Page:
Unfortunately, PN candidate Jonathan Shaw thinks that Malta’s position within the EU has been backtracked. “Until a year ago I viewed Malta as a respectable success story within the EU, garnishing huge respect from other member states. Unfortunately, in the recent year, I feel that we have tarnished that respect thanks to the current administration’s actions and attitude, which at times bordered on a euro-hostile and populist approach. As a prospective MEP I would be committed to working to restore such respect, which is well-deserved by Malta and its citizens.
“Additionally, I also hope to break down the complex and bureaucratic EU systems. Local representation offices and agencies need to have a ‘can do’ approach which push and aid local communities to tap in such support.”
For PN candidate and current MEP David Casa there are also several issues that he feels should be focused on in the years to come, including unlocking the full potential of the Internal Market and reworking for sensible-yet-proportionate regulation of the financial sector.
“I will push for real accountability, transparency and meritocracy,” he says. “We have shown on more than one occasion that, through a spirit of compromise and intelligent cooperation, Malta’s views have been taken into account and our concerns addressed. We will never be as influential as France or Germany but we have demonstrated great competence and reliability, at least in the PN years, and this has made us matter. Already after just one year of Labour in Government I feel that a great deal of this work has been undermined. This is most unfortunate.
“Now the future of Malta’s relationship with the EU depends very much on the behaviour of the Labour Government over the next four years. The first year of Labour’s mandate does not augur well. One can only hope that the trend we have seen emerge does not continue, and that this Government will approach issues that contain a European dimension with political maturity and tact.”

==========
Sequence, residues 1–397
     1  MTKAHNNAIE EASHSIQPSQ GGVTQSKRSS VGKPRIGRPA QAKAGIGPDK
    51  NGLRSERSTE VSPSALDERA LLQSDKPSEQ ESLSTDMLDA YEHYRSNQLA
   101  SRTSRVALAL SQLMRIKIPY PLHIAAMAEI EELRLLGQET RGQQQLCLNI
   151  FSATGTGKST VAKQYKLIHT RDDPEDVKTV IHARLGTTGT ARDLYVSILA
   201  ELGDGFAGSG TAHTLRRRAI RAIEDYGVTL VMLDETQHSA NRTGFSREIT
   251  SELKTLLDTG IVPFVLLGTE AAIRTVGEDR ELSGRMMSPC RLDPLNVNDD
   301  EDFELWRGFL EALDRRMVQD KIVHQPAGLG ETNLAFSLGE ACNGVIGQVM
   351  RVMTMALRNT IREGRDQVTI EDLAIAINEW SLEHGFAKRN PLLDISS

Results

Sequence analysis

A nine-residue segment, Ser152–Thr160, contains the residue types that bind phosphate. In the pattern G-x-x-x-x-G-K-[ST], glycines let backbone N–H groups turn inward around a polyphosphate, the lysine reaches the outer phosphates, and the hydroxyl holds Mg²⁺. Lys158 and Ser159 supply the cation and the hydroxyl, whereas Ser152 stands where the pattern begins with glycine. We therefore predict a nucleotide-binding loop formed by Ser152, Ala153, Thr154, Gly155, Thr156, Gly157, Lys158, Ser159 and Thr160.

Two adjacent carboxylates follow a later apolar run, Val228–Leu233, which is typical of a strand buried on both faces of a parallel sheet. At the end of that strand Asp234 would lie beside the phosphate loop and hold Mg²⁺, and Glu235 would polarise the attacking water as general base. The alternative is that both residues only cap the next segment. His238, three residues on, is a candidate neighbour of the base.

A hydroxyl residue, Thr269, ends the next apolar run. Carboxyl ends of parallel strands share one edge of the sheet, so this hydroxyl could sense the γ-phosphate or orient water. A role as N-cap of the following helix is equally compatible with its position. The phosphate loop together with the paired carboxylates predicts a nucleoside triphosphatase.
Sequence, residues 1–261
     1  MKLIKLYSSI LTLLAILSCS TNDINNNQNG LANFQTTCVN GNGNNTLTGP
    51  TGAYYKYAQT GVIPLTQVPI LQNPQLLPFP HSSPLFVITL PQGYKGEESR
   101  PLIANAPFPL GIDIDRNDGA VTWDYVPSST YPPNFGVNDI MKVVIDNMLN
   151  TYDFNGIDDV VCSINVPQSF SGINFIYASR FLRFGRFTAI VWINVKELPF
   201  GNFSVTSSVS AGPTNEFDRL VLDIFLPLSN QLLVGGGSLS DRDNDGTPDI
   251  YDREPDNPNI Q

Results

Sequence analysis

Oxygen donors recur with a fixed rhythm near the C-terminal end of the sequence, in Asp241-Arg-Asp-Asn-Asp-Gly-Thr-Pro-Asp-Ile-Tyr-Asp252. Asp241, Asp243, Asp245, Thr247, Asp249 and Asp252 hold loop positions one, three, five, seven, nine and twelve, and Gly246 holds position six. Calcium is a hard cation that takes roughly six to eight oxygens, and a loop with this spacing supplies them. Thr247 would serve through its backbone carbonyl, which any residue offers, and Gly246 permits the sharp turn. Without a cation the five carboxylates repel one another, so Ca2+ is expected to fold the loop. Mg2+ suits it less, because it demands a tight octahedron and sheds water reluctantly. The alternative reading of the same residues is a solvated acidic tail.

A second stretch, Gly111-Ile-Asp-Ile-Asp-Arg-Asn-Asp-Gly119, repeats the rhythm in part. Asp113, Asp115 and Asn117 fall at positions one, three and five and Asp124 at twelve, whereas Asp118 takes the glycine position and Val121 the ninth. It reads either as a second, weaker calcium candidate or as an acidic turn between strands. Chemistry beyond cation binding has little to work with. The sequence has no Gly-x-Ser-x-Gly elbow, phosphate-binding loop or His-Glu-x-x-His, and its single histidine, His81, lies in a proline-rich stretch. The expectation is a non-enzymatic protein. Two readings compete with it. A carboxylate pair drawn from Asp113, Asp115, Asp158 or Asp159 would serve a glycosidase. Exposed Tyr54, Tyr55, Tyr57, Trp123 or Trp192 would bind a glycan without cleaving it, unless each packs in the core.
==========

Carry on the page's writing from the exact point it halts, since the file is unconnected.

Also keen to promote Malta within the EU’s internal market, PN candidate Kevin Cutajar believes that the internal market is, in fact, Malta’s biggest EU benefit. “Upon exceeding to the EU, Malta’s market grew from a market of 400,000 individuals to a market of half a billion and more (i.e. the EU’s population and the population of third countries with which the EU has entered into trade agreements).
“The internal market is one single market without any borders and which gives the opportunity to a person coming from a Member State to freely trade with any other person coming from any other Member State. This is why I set Malta’s full access to the EU’s internal market as one of my priorities, if elected.
“In my opinion, the best way in which the EU can help our business community to benefit from this advantage is to constantly take Malta’s particular needs into account when making any decision and in any legislation which it adopts..”
Meanwhile, Peter Cordina, a PL candidate who was also the secretary general of the Moviment Iva campaign, believes in the importance of pushing for change. “Change is a constant element of our lives nowadays,” he explains. “Managing change is, therefore, a must.